Scientists use ‘NanoVelcro’ and temperature control to extract tumor cells from blood

SOMEONE SOMEWHERE

An international group led by scientists at UCLA’s California NanoSystems Institute has developed a new method for effectively extracting and analyzing cancer cells circulating in patients’ blood.
Scientists use ‘NanoVelcro’ and temperature control to extract tumor cells from blood

Circulating tumor cells are cancer cells that break away from tumors and travel in the blood, looking for places in the body to start growing new tumors called metastases. Capturing these rare cells would allow doctors to detect and analyze the cancer so they could tailor treatment for individual patients.

In his laboratory at the UCLA California NanoSystems Institute, Hsian-Rong Tseng, a professor of molecular and medical pharmacology, used a device he invented to capture circulating tumor cells from blood samples.

The device, called the NanoVelcro Chip, is a postage-stamp–sized chip with nanowires that are 1,000 times thinner than a human hair and are coated with antibodies that recognize circulating tumor cells. When 2 milliliters of blood are run through the chip, the…

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MSU News – MSU chemists solve long-standing problem, explained in international journal

BOZEMAN, MT – A Montana State University team says it has discovered the grail of organic chemistry and has just published a paper about its accomplishment in one of the field’s top journals.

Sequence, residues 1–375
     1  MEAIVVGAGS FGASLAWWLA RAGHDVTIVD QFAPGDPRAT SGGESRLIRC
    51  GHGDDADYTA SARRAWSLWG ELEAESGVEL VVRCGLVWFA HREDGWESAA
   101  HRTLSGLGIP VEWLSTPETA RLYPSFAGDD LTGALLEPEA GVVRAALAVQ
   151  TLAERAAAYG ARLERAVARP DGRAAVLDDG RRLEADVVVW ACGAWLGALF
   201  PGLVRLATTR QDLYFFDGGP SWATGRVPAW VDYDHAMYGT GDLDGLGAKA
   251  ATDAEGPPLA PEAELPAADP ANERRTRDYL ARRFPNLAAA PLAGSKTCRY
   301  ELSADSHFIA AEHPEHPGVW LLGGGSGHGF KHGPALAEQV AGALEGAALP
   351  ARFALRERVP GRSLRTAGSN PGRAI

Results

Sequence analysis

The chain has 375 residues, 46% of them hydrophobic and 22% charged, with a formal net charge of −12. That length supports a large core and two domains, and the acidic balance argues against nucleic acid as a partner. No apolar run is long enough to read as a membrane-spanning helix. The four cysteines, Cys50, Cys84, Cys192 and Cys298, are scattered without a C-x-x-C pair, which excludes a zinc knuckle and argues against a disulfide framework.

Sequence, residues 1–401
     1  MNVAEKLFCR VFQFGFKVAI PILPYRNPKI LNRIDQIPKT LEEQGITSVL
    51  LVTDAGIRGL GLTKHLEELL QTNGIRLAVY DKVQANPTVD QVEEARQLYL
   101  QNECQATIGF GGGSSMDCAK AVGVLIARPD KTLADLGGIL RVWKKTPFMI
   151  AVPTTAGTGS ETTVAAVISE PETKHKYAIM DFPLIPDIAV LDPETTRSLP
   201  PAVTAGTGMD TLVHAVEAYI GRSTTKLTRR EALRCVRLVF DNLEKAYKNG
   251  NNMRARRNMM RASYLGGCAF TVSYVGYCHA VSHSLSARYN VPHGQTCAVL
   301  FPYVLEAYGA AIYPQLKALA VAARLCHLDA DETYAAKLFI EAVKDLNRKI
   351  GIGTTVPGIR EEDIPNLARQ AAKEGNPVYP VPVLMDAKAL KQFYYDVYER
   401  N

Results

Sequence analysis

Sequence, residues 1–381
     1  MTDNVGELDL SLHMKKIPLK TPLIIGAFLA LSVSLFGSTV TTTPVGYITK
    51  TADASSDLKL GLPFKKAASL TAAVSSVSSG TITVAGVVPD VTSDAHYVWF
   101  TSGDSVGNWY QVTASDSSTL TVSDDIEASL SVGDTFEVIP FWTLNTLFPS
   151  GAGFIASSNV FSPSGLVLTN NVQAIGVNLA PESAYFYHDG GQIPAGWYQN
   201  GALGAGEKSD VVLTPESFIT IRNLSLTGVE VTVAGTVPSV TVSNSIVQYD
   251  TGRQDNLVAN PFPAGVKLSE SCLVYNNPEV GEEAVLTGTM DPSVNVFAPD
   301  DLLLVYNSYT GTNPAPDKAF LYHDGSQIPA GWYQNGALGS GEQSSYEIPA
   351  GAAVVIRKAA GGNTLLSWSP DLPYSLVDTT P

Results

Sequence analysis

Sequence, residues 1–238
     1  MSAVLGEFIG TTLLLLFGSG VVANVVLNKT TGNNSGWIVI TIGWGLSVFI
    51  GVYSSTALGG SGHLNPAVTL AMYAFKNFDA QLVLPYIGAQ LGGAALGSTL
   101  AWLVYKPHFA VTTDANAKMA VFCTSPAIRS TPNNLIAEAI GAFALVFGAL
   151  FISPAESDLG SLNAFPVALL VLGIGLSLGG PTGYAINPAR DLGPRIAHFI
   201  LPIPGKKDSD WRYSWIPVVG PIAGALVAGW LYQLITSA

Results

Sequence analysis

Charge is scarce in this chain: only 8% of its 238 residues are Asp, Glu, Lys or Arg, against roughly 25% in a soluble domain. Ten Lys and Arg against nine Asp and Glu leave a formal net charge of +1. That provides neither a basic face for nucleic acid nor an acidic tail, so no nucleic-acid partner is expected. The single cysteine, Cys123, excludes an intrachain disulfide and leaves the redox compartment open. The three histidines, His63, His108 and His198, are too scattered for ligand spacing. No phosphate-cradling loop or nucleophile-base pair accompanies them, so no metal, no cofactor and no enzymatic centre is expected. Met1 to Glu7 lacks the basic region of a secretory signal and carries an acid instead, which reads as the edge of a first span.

The paper by professor Tom Livinghouse and graduate students Bryce Sunsdahl and Adrian Smith appears in the Dec. 22 issue of the German chemistry journalAngewandte Chemie.

First published online in October, the highly technical paper explains how the team in MSU’s Department of Chemistry and Biochemistry developed an inexpensive and environmentally friendly way to sequentially produce carbon-nitrogen and carbon-carbon bonds commonly found in antibiotics and other pharmaceuticals for humans and animals.

Organic chemists often produce a mixture of unneeded products in the process of making the one they want, Livinghouse explained. As a result, they often throw much material away and keep the one they want.

To solve that long-standing problem, Livinghouse said the MSU group developed a one-step process that largely eliminates waste products. The process is extremely efficient, and it saves time and money. Livinghouse describes it as green chemistry because the process is non-toxic and produces few byproducts. If done right, it minimizes the needs for external solvents. Scientists get “two bonds for the price of one.”

The MSU team isn’t the first to come up with the idea, but the techniques developed by other groups over the past 15 years have had very limited application, Livinghouse said.

“What we did can apply to a great many pharmaceuticals,” he said.

Livinghouse said he came up with the idea about three years ago, but he praised his graduate students for making it happen over the past year. He said their work in the lab was critical to the success of the project and the newly published paper.

“Only with the very best graduate students can you do this,” Livinghouse said. “I’m very proud of my students.

“I couldn’t have done it without them,” he added. “That’s what science is all about. That’s what the university is all about.”

The paper was Sunsdahl’s first published paper. When he learned it had been accepted for publication, Sunsdahl said, “I celebrated by doing more chemistry.”

Sunsdahl, who is listed as first author of the paper, said his main role in the breakthrough described in Angewandte Chemie was developing and streamlining the methodology for the new chemical reaction.

Sunsdahl is pursuing doctoral degree in organic chemistry and plans to graduate in the spring. With his family in St. Cloud, Minn., and only seeing them every few weeks, he said he often works late into the night in Livinghouse’s laboratory.